Once Crisp returned, Ellsbury spent the next two months traveling route 95 back and forth between stints in Boston and Pawtucket.  When the rosters expanded in September he arrived in Beantown for the season’s last month.  He continued to create a buzz among media and fans, and finished the regular season with an average of .353 and added nine steals. 

Despite his instant big league success, Ellsbury found himself in a reserve role when the playoffs started.  It took until game 6 of the ALCS and Crisp to be mired deep in a slump for Ellsbury to get another opportunity to start.

Ellsbury made sure he wouldn’t be heading back to the bench as he proceeded to hit a blistering .453 in the World Series.  He became the first rookie in 61 years to compile four hits in one World Series game, and became the first rookie in history to hit two doubles in the same inning when he accomplished the feat in the third inning of game three.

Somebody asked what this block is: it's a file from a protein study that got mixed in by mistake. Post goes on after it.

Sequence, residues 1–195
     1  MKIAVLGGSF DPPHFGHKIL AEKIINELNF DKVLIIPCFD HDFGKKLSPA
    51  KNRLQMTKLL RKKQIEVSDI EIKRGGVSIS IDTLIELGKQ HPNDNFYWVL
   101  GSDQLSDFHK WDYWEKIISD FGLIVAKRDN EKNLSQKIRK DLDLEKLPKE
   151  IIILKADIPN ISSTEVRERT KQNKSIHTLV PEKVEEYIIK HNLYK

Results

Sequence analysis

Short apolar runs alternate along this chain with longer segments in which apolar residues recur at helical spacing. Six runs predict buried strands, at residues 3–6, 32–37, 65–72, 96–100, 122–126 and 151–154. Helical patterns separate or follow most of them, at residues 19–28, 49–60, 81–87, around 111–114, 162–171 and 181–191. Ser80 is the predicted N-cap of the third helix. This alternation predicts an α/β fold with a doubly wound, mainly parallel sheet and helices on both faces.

If the Red Sox had opted to go with either veteran, the outlook of the team would have been significantly different.  They would have missed out on a second baseman filled with enough swagger and bravado to ignite an entire team.  Red Sox Nation would’ve been left to wonder if this Jacob Ell-something really had the same game changing speed Jose Reyes or Ichiro possess. 

Following the recent individual and team success that came with allowing Pedroia and Ellsbury their chance to play the Boston brass will again be faced with the question of whether to let a pair of up-and-comers challenge some veterans for starting roles on the 2008 version of the Red Sox.

Buchholz, like Ellsbury, started last season in AA.  After completely dominating the Eastern League hitters, he moved up to AAA  where he continued to experience success against more advanced hitters. 

When the Sox were hit with a few injuries, the organizations newest fire balling Texan shined in brief stints in the MLB.  Before arm fatigue shut him down for the rest of the season, Buchholz was poised to join Pedroia and Ellsbury on the postseason roster.

Despite his dominance at three levels, questions still remain about whether he should start 2008 in AAA or at the back of the big league rotation.  Even with Curt Schilling being out until at least July, the last rotation spot could still go to either Julian Tavarez or Kyle Snyder.